Some of the steps being taken by authorities to improve productivity of cattle include cross breeding and artificial insemination to improve the genetic factors of the cattle, leading to better milk yields. Improving access to healthcare facilities for cattle is also being facilitated.
Pushan Sharma, Director – Research, CRISIL Market Intelligence and Analytics points out that the milk yield in India is much lesser compared to the US and New Zealand. “This is primarily because of the cow and buffalo breeds that are found in India. Higher yielding breeds are expensive and cannot be afforded by small and marginal farmers. Therefore, to substantially increase milk production in India, higher yield milch animals must be made accessible for small and marginal farmers,” says Sharma. Further, the quality of fodder consumed by animals is of substandard quality as farmers switch to different fodder crops in response to fluctuating crop prices. “Ensuring high quality and nutrient-rich fodder for the milch animals will further aid in increasing yields,” adds Sharma.
The recently formed Ministry of Cooperation plans to increase the number cooperatives in India by 2 lakh through schemes and subsidies for dairy coops. Incidentally, cooperatives account for a little less than half of all milk procurement in the organised sector. The same schemes need to be extended to private players as well for overall dairy development in the country, say experts in chorus.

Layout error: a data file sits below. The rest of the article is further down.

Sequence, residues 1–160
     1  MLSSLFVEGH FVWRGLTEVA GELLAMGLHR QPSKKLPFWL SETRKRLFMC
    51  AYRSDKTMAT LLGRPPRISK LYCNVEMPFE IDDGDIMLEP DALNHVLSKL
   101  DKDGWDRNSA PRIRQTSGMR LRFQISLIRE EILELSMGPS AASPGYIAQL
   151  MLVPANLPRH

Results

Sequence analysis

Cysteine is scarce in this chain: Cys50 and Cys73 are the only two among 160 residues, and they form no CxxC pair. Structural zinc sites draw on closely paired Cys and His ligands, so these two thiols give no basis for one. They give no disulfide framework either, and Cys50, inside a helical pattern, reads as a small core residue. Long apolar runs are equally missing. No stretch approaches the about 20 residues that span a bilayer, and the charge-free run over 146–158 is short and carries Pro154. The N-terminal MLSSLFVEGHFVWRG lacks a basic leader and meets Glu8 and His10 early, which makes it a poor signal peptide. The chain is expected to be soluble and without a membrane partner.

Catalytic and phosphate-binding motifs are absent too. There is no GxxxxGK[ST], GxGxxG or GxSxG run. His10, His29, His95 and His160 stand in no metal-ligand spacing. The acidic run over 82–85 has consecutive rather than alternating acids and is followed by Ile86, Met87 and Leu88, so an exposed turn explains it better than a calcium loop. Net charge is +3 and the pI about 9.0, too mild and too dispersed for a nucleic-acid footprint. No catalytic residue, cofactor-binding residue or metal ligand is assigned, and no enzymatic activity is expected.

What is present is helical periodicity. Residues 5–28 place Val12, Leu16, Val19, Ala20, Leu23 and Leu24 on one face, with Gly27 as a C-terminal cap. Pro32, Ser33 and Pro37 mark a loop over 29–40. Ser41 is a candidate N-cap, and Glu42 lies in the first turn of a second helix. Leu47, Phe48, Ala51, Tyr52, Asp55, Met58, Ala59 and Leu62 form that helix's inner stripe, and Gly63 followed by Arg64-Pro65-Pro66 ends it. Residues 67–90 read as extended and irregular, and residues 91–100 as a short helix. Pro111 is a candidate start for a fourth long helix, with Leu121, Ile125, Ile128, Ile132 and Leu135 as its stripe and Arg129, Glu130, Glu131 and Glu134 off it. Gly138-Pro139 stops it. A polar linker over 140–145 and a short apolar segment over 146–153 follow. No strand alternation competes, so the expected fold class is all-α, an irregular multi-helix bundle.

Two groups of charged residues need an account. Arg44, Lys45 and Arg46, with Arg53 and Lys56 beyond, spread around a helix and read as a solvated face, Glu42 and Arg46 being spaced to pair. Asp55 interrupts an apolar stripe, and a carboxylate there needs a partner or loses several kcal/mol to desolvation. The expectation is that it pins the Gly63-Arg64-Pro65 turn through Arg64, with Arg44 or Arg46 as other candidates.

Clearly, the Indian dairy industry needs further enhancements across its value chain to achieve the additional 100-110 MMT in milk production over the next 10 years. On the input front, the foremost priority, experts say, should be improving cattle health by eradicating foot-and-mouth disease and lumpy skin disease. Also, by making artificial insemination services available to all farmers. On the processing and storage side, investments should be made in high-quality machinery, particularly for value-added dairy products that command higher realisations. Then, a robust cold-chain infrastructure is essential to help smoothen distribution and extend the shelf life of dairy products. However, the investment roadmap to achieve this is still a ‘work-in-progress’ by the various government departments.
Meanwhile, the demand for not just fresh milk but also value added dairy products is on the rise. The Gujarat Co-operative Milk Marketing Federation (GCMMF), popularly known as Amul India, said recently that the 18.5 per cent growth in its turnover largely on account of demand for branded consumer products. The provisional unduplicated group turnover of member unions of the Amul group crossed Rs 72,000 crore ($9 billion) for FY23. “Our fresh products grew by 21 per cent with a contribution of 50 per cent to the GCMMF turnover and ice cream range grew by 41 per cent. Our consumer products have registered a growth of 23 per cent year on year with products such as cheese, butter, UHT milk, milk beverages, paneer, cream, buttermilk and dahi having grown at 20-40 per cent,” GCMMF said.